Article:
To think such a thing is possible is to profoundly misunderstand the symbiotic relationship between Russian hackers and the Kremlin’s security services.
The Wall Street Journal yesterday published an article titled “In Russia, Leaked Documents Rattle the Kremlin“, the main thrust of which is to suggest that the Kremlin is as besieged by hackers as any Western state getting ready for elections. The opening passage of the WSJ piece:
Russian domestic politics are being influenced by hacking tactics similar to ones Russia is accused of using to try to weaken its foreign opponents.
Documents found in email accounts hackers said are linked to Russian officials helped fuel recent protests across Russia against corruption. The documents were released by a shadowy group called Anonymous International—also known as “Shaltai Boltai,” which is Russian for Humpty Dumpty.
Alexei Navalny, an anticorruption activist who mobilized the protests, featured some of the documents in a video released beforehand alleging that Russian Prime Minister Dmitry Medvedev used a network of friends to help hide his wealth and property.
The article goes on to portray the Kremlin as fighting a desperate battle with the forces that these hackers have unleashed, forces harnessed by Navalny’s upstart political movement that resulted in widespread protests around the country a little over a month ago. The message is clear: These are the ugly realities of today’s politics, where “shadowy” anarchist groups (or maybe just morbidly obese people living in their parents’ basements?) repeatedly compromise government officials and try to disrupt democratic elections.
As if to underline the point, the Journal goes on to point out that Russian President Vladimir Putin “vigorously” denied having had any hand in the leaking of hacked emails purloined from the Macron campaign, and that he has no intention to sway any vote in the West. “It wasn’t us!” Putin seems to be saying. “We, too, are victims!”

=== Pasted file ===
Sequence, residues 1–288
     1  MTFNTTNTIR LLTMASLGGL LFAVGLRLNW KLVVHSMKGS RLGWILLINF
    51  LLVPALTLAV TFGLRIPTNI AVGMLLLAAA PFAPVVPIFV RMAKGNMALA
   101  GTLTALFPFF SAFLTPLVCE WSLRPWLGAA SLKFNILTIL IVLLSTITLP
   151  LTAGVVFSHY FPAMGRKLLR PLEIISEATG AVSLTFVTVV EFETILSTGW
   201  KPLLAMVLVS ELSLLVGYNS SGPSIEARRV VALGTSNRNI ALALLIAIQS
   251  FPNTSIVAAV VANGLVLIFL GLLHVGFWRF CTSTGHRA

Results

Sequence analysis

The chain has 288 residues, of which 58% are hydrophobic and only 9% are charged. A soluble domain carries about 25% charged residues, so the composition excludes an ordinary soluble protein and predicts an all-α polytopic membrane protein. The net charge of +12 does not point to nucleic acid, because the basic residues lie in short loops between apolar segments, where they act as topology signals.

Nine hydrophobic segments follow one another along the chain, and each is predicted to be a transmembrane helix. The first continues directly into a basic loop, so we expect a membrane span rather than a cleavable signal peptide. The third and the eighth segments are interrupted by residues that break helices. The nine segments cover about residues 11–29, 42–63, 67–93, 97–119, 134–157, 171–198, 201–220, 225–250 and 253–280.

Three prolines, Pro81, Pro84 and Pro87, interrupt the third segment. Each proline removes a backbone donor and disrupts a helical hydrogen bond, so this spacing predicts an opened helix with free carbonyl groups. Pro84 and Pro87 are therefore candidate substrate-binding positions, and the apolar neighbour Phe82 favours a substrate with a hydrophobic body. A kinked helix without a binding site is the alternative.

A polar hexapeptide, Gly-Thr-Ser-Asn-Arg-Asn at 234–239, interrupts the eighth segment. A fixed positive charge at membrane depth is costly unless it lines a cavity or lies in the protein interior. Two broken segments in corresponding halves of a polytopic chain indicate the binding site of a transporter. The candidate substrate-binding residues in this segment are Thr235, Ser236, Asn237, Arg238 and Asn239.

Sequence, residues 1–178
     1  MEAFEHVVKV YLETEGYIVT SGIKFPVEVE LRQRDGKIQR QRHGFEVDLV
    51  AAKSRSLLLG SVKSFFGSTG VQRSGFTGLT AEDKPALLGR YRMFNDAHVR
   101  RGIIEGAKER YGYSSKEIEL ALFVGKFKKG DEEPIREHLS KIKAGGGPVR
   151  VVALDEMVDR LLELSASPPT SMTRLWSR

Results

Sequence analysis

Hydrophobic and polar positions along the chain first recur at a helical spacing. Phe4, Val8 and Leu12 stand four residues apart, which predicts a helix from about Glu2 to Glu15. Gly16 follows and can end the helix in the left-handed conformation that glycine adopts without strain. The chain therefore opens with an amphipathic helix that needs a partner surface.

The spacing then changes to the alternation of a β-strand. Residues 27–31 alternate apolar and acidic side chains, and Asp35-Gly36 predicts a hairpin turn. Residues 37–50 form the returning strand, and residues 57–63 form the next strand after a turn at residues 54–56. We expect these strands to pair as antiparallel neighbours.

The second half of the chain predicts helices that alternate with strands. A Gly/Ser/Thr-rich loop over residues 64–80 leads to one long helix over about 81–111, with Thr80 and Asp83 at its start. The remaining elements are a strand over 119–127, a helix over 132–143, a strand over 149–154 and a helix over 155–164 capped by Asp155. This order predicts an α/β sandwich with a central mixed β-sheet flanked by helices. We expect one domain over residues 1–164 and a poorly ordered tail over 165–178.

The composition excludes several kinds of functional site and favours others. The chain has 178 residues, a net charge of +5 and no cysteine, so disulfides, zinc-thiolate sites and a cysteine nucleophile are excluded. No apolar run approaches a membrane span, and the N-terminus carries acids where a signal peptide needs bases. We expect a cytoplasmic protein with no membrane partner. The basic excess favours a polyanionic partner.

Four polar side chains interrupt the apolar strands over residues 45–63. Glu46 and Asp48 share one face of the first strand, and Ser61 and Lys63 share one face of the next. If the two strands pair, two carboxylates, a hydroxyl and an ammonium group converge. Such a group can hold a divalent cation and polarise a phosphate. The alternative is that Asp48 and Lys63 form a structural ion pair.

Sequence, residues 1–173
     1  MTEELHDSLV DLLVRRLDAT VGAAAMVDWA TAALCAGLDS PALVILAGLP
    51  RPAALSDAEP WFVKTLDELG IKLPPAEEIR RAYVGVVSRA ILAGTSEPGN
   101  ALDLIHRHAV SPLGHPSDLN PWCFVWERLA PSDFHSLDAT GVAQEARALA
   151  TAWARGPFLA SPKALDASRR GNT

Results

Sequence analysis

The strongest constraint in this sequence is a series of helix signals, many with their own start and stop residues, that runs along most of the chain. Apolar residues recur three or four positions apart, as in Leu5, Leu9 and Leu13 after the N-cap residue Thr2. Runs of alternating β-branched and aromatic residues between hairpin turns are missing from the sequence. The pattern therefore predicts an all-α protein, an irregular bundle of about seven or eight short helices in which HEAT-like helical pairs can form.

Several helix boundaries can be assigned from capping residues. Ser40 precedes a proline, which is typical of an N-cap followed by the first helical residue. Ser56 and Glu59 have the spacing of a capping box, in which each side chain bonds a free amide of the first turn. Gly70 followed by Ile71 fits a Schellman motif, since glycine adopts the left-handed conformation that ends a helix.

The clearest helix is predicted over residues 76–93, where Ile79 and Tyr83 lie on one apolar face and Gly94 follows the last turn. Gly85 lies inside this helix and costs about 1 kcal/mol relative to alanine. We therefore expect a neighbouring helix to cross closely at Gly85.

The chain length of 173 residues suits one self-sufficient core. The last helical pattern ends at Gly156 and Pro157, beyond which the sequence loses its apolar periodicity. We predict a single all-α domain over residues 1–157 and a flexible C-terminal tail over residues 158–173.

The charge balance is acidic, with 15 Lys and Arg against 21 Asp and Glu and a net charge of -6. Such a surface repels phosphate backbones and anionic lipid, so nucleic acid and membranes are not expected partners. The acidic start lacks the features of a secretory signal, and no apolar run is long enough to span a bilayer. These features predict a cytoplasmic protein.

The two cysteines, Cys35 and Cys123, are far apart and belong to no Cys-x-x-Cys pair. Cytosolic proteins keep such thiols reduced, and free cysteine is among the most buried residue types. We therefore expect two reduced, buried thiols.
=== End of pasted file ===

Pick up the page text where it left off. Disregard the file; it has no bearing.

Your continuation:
The usually reliable Journal really dropped the ball. The story is misleading at best, partly because the known details of the Anonymous International/”Shaltai-Boltai” story are never discussed, but mostly because it paints an incomplete picture of how Russia’s special services operate. In getting this critical framing wrong, the piece unwittingly ends up playing defense for a Kremlin doing damage control after what is widely believed to be a badly botched intervention in last weekend’s French election.
Eagle-eyed readers may have connected the WSJ‘s brief mention of “Shaltai-Boltai” to news earlier this year that Russia had successfully completed a counter-intelligence operation, mopping up several Russian hackers and even a few of its own security personnel in the process. The only reason that rather obscure story got any play in Western media is that Kremlin Spokesman Dmitry Peskov, obviously aware of the uncomfortable timing of the arrests, went out of his way to preemptively deny that they had anything to do with allegations of Russia hacking U.S. elections. But since the story is so bizarre and the details are so sketchy, Western media quickly lost interest.
Here’s what’s known with a reasonable degree of certainty: the “Shaltai-Boltai” group had been publicly active for around three years until late 2016, and throughout that time…